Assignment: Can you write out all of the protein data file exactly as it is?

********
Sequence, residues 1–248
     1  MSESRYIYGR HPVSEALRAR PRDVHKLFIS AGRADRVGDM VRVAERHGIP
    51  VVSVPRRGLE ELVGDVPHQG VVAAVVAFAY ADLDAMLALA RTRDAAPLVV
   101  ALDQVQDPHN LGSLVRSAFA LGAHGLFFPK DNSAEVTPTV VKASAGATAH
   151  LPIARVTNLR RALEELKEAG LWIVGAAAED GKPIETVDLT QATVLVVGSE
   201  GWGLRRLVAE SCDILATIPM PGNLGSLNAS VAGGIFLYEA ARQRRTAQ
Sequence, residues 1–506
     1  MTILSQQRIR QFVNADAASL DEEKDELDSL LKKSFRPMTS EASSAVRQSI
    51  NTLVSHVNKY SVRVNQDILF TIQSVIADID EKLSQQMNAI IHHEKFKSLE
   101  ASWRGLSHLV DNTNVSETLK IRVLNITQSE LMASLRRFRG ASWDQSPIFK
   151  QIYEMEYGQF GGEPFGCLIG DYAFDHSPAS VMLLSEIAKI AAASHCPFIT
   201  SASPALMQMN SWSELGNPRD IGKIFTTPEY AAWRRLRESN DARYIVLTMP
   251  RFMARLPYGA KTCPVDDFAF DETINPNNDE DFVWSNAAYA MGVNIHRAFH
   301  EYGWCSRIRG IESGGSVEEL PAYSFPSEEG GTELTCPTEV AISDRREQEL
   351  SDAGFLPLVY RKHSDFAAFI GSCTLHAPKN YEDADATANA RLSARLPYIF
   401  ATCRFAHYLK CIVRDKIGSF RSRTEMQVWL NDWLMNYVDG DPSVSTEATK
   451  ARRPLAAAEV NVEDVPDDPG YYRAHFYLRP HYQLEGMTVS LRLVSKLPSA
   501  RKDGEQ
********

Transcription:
Sequence, residues 1–248
     1  MSESRYIYGR HPVSEALRAR PRDVHKLFIS AGRADRVGDM VRVAERHGIP
    51  VVSVPRRGLE ELVGDVPHQG VVAAVVAFAY ADLDAMLALA RTRDAAPLVV
   101  ALDQVQDPHN LGSLVRSAFA LGAHGLFFPK DNSAEVTPTV VKASAGATAH
   151  LPIARVTNLR RALEELKEAG LWIVGAAAED GKPIETVDLT QATVLVVGSE
   201  GWGLRRLVAE SCDILATIPM PGNLGSLNAS VAGGIFLYEA ARQRRTAQ
Sequence, residues 1–506
     1  MTILSQQRIR QFVNADAASL DEEKDELDSL LKKSFRPMTS EASSAVRQSI
    51  NTLVSHVNKY SVRVNQDILF TIQSVIADID EKLSQQMNAI IHHEKFKSLE
   101  ASWRGLSHLV DNTNVSETLK IRVLNITQSE LMASLRRFRG ASWDQSPIFK
   151  QIYEMEYGQF GGEPFGCLIG DYAFDHSPAS VMLLSEIAKI AAASHCPFIT
   201  SASPALMQMN SWSELGNPRD IGKIFTTPEY AAWRRLRESN DARYIVLTMP
   251  RFMARLPYGA KTCPVDDFAF DETINPNNDE DFVWSNAAYA MGVNIHRAFH
   301  EYGWCSRIRG IESGGSVEEL PAYSFPSEEG GTELTCPTEV AISDRREQEL
   351  SDAGFLPLVY RKHSDFAAFI GSCTLHAPKN YEDADATANA RLSARLPYIF
   401  ATCRFAHYLK CIVRDKIGSF RSRTEMQVWL NDWLMNYVDG DPSVSTEATK
   451  ARRPLAAAEV NVEDVPDDPG YYRAHFYLRP HYQLEGMTVS LRLVSKLPSA
   501  RKDGEQ